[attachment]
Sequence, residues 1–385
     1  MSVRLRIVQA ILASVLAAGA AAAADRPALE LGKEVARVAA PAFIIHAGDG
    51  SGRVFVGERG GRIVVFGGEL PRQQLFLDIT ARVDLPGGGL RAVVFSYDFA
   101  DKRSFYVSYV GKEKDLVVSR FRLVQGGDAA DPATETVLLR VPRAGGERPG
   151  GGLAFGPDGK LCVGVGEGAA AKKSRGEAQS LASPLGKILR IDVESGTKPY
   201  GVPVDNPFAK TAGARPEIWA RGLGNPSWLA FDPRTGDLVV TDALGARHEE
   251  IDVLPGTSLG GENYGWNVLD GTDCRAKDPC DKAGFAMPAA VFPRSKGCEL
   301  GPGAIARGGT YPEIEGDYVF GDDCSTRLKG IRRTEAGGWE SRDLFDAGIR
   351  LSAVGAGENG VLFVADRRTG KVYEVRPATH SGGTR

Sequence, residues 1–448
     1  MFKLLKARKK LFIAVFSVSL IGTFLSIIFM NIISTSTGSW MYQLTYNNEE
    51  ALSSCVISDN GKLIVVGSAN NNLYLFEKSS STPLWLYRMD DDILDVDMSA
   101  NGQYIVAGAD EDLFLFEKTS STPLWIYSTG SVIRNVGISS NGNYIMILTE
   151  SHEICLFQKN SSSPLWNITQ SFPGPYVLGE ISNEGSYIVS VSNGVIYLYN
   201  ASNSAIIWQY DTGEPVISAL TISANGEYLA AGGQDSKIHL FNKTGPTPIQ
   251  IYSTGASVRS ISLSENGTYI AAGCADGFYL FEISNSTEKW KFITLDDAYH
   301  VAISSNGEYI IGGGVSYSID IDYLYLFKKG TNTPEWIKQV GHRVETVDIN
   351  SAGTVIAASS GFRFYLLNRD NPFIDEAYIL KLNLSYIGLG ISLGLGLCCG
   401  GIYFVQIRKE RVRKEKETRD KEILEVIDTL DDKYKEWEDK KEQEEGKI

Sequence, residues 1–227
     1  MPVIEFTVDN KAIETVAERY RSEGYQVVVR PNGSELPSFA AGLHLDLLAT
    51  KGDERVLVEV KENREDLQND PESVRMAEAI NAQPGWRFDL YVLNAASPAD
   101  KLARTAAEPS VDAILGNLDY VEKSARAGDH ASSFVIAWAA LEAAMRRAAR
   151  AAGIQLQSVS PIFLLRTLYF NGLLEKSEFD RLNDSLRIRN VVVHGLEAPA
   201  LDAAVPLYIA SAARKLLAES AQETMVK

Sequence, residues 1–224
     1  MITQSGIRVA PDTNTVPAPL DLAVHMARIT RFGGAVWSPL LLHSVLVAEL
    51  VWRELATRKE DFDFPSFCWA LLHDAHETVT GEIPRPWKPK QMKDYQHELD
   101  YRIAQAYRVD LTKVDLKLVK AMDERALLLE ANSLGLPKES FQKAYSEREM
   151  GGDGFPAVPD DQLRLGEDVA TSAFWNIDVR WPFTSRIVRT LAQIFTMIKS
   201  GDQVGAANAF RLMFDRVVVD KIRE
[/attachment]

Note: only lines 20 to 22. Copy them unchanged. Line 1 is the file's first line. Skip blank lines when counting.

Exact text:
Sequence, residues 1–227
     1  MPVIEFTVDN KAIETVAERY RSEGYQVVVR PNGSELPSFA AGLHLDLLAT
    51  KGDERVLVEV KENREDLQND PESVRMAEAI NAQPGWRFDL YVLNAASPAD